Mayo’s ‘survival’ as a tourist destination is at risk because so many hotel beds are being used by Ukrainians, a local councillor has claimed.
Industry insiders say the decision to house those fleeing war has benefited hotel owners who were paid by the Government during the otherwise quiet winter season.
However, housing refugees means there will be fewer tourists once again this summer - something that will have a profound impact on people’s livelihoods.
“We’re very proud of what we’ve done in Mayo in terms of accommodating the refugees but we have to have regard for our economic situation in Mayo as well,” Fine Gael Councillor Peter Flynn told The Pat Kenny Show.
“We need to ensure Mayo survives as a tourist location and a destination for people to come to and we need to ensure services go alongside the influx of additional people.”
Restaurants, tour guides and those who organise cultural activities say their businesses have suffered as a consequence and Cllr Flynn said people in the county believe they have done more than their fair share.
“Without a shadow of doubt,” he said.
“Deloitte had a hotel investment briefing earlier this year; they called out Mayo specifically to say that Mayo would be down - based on their numbers - €10 million last year on revenue from bed and hotel accommodation… So, it’s a real concern.”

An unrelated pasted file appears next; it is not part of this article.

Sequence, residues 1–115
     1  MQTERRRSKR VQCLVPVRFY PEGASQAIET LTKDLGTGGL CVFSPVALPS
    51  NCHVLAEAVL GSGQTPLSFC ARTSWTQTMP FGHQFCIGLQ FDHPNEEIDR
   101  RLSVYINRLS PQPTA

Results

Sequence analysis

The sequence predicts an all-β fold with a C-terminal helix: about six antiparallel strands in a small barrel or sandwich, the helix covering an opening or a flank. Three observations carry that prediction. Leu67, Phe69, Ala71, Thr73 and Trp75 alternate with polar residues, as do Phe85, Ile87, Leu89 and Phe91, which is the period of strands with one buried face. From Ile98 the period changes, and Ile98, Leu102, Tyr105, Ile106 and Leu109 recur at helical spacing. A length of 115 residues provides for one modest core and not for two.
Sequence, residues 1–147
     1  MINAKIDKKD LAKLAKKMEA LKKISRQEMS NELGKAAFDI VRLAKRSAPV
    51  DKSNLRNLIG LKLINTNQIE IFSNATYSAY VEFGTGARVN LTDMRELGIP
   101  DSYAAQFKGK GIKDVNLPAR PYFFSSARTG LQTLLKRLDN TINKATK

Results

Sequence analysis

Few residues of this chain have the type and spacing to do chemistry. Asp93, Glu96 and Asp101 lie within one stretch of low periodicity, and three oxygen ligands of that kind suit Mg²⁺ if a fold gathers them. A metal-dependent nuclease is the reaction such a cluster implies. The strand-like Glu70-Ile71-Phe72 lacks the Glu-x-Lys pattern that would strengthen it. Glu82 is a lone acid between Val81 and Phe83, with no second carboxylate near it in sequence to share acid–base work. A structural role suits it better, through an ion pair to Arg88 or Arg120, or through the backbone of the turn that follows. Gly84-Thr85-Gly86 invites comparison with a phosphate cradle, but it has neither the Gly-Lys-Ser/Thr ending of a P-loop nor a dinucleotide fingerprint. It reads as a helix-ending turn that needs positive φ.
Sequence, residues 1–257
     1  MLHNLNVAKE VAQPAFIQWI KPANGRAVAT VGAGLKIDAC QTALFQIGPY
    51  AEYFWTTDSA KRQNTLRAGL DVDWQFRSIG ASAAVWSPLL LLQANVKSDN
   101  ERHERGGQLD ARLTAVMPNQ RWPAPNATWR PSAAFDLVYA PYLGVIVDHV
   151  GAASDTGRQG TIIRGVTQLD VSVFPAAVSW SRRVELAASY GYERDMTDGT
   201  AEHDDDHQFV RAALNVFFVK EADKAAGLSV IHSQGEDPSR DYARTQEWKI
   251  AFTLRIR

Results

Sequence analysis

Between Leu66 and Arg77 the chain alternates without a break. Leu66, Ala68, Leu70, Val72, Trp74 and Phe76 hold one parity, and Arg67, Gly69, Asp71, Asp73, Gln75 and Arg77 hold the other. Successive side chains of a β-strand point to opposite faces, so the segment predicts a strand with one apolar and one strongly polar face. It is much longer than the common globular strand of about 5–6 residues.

Cllr Flynn said Mayo’s population was already increasing prior to Putin’s invasion of Ukraine and “we’ve struggled with that in terms of critical services like housing, medical and education and all the rest of it.”
It is an argument that People Before Profit’s Paul Murphy has little sympathy with.
“My take is, there was a very severe housing crisis before the war in Ukraine, there was a very severe health crisis before the war in Ukraine, there was an education crisis before the war in Ukraine,” he said.
“It suits Fine Gael politicians… to suggest the problem is asylum seekers coming in, as opposed to the problem being Government policy, the failure to tackle the issue in terms of the 50,000 homes that have been vacant for six years, the hoarding of wealth by those at the top of our society that Fine Gael and Fianna Fáil support.”
Deputy Murphy said it is the Government’s fault communities lack essential services and suggested a crack down on long-term vacant properties.
“What we’ve proposed is ‘Use it or lose it’ legislation where people have to use their property within six months or face very significant taxes,” he said.
In the first 12 months after the invasion of their country, roughly 75,000 Ukrainians moved to Ireland.
Main image: Summer picnic on Inishturk Island, County Mayo, Ireland. Picture by: Alamy.com